What is love?
We have asserted that God is love in some way that is essential to his nature but the obvious question arises: what does this mean? There are few concepts as notoriously difficult to precisely describe as that of `love’. The situation in English is particularly difficult. For instance, one can use the word love to speak both of a husband’s love of his wife as well as his wife’s love of chocolate — two very different, although related, meanings of the word `love’. Moreover, the English word `love’ encompasses a much wider variety of meanings than these.
In the Greek of the New Testament the situation is slightly different. There were four words in common use that would all come under the rubric of the English word `love’: eros, storge, philia and agape. The first, eros, was primarily used for physical or sexual love and does not appear in the New Testament. The second, storge, connoted family affection and particularly that of children for their parents although it could also be used, for instance, to denote the love of a people for their ruler. This word also does not appear in the New Testament although a related word does appear once.
The most common word for love in the Greek of the period surrounding the writing of the New Testament was philia. This is a complicated word which could be used for the love of a husband and wife or for the love of friendship — the verb philein can even mean `to kiss’. Philia and its related verb, are used several times in the New Testament — sometimes to describe important types of love.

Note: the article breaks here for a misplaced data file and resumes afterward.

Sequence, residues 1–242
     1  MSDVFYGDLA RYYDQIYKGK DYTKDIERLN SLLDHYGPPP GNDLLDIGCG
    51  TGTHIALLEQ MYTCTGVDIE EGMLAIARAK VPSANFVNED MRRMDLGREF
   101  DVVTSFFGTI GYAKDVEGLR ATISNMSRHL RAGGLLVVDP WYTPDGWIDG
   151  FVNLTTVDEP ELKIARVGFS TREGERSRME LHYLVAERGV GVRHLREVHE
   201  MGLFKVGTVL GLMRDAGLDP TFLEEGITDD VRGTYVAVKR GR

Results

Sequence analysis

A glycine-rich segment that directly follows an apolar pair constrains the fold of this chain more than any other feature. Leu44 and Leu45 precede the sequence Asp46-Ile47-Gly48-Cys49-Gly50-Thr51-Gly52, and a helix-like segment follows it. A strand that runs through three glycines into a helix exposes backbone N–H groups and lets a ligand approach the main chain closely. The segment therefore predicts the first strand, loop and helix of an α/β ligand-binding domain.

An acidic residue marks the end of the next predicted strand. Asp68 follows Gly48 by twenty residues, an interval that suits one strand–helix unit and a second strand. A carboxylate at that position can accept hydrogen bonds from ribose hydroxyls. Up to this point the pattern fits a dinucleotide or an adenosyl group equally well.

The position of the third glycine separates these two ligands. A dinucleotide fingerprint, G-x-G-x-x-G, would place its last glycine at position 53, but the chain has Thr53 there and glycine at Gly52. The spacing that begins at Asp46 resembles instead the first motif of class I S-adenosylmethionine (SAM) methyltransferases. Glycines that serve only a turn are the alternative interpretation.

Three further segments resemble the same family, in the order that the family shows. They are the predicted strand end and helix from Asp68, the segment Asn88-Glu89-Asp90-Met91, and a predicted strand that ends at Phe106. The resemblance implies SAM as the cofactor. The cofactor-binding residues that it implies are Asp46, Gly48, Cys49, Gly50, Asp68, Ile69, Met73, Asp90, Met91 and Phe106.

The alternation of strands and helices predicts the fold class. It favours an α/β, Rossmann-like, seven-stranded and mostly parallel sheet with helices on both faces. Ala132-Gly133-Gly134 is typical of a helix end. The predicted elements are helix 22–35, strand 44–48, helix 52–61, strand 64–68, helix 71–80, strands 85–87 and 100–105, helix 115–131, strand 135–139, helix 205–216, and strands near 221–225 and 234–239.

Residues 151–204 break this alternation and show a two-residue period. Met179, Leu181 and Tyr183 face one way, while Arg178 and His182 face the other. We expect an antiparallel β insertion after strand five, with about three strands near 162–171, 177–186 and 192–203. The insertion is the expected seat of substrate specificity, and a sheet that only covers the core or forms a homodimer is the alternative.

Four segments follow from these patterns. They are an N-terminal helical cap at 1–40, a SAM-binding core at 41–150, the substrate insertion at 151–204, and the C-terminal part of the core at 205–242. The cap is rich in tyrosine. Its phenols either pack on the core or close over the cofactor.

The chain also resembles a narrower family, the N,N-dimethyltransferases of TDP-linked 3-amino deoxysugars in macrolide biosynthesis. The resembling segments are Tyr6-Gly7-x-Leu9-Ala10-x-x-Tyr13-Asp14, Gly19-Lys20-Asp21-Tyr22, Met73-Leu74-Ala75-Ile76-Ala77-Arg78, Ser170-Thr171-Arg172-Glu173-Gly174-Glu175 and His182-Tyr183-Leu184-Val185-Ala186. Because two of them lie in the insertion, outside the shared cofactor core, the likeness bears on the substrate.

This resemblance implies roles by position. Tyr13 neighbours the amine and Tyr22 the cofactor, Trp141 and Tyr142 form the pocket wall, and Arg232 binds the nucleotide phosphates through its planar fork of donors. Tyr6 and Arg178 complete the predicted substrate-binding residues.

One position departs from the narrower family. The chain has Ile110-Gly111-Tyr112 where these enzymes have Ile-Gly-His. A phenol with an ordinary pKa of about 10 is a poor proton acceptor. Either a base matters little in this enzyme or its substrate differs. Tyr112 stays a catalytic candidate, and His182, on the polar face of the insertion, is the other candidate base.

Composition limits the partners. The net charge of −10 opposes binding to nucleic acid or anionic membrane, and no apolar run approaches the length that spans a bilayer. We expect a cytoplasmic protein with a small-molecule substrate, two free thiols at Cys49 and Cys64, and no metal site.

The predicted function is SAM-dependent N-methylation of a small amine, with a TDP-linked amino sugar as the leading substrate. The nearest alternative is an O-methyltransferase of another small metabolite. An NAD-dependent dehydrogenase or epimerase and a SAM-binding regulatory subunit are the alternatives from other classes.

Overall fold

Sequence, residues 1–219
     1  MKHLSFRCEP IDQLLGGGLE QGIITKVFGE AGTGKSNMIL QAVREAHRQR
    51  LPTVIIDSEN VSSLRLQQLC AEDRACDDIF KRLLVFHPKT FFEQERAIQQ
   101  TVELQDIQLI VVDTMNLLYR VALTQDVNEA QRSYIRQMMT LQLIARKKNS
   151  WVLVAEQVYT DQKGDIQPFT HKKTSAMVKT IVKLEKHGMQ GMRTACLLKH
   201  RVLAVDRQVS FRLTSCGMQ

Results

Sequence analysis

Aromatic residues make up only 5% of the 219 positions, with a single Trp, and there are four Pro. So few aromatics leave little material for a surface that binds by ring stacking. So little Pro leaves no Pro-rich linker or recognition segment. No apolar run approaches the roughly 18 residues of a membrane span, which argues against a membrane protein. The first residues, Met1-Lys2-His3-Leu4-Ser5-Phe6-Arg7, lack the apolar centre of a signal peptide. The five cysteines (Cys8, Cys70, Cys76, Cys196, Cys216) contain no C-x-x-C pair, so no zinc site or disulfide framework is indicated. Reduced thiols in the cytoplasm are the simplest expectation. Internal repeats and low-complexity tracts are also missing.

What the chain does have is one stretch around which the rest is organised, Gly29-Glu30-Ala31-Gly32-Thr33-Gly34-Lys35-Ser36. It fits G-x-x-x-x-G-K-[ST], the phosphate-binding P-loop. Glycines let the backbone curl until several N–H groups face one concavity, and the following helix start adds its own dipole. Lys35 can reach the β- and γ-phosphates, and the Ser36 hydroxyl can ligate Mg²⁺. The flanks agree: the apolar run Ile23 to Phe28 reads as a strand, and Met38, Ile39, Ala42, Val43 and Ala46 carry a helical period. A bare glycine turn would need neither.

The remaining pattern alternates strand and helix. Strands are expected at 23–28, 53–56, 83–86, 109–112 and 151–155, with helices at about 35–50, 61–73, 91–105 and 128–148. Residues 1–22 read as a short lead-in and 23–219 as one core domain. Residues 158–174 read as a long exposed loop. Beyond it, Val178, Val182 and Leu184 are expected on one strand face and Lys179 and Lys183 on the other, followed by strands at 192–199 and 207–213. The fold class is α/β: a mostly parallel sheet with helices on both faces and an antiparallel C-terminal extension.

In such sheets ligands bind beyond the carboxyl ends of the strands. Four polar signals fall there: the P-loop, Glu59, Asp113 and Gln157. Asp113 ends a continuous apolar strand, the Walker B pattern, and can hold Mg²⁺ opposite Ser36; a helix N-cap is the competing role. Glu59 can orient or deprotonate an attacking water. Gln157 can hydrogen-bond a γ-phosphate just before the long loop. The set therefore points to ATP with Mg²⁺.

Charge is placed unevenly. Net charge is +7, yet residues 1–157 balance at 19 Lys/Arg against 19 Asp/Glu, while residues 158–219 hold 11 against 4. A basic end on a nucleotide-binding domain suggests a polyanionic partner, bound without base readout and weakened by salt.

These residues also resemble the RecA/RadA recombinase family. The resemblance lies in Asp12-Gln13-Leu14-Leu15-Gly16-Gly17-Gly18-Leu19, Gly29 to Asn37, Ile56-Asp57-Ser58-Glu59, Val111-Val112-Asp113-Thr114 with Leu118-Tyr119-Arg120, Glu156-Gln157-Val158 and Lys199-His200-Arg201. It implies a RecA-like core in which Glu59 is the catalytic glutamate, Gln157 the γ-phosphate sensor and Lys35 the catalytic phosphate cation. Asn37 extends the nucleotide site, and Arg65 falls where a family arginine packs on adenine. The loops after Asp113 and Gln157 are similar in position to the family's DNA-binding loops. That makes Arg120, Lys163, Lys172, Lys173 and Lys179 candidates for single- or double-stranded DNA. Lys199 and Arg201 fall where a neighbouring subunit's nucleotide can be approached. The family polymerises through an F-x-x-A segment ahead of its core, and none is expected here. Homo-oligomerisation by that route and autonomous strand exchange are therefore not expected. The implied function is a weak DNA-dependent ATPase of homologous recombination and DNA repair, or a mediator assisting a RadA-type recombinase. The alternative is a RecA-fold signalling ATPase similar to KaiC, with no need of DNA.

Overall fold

However, the most common word for love in the New Testament and the word used by John when describing God is agape. The noun agape and the verb agapan are not common in pre-Christian classical Greek and when they do occur they do not have a particularly noble connotation. Yet the writers of the New Testament seemed to seize upon agape as a particularly Christian word for a particularly Christian conception of `love’. In fact, it is fair to say that, apart from a few exceptions, agape seems to have been adopted by the New Testament writers as a sort of technical term.
While a careful study of the word agape and its cognates would probably be illuminating, we need not get lost in such detail. If we take as our starting point that agape is being used as a technical term by the New Testament writers then we can turn to the New Testament itself to discern exactly what agape means and, in particular, what John means when he says `God is love’–ho theos agape estin.
In fact, John answers our question directly in the very same letter:
`We have come to know love by this: that Jesus laid down his life for us; …’
and also, famously, in his gospel:
`For this is the way God loved the world: He gave his one and only Son …’
Jesus himself expressed the same idea:
`No one has greater love than this — that one lays down his life for his friends.’
Similar sentiment is found throughout the New Testament — Paul echoes it also:
`…live in love, just as Christ also loved us and gave himself for us, a sacrificial and fragrant offering to God.’
The emphasis here is clear: love is exemplified in Jesus’ sacrifice — in fact we have not really understood love until we have seen Jesus’ sacrifice. Love is self-sacrificial. Love is the laying down of one’s life for another.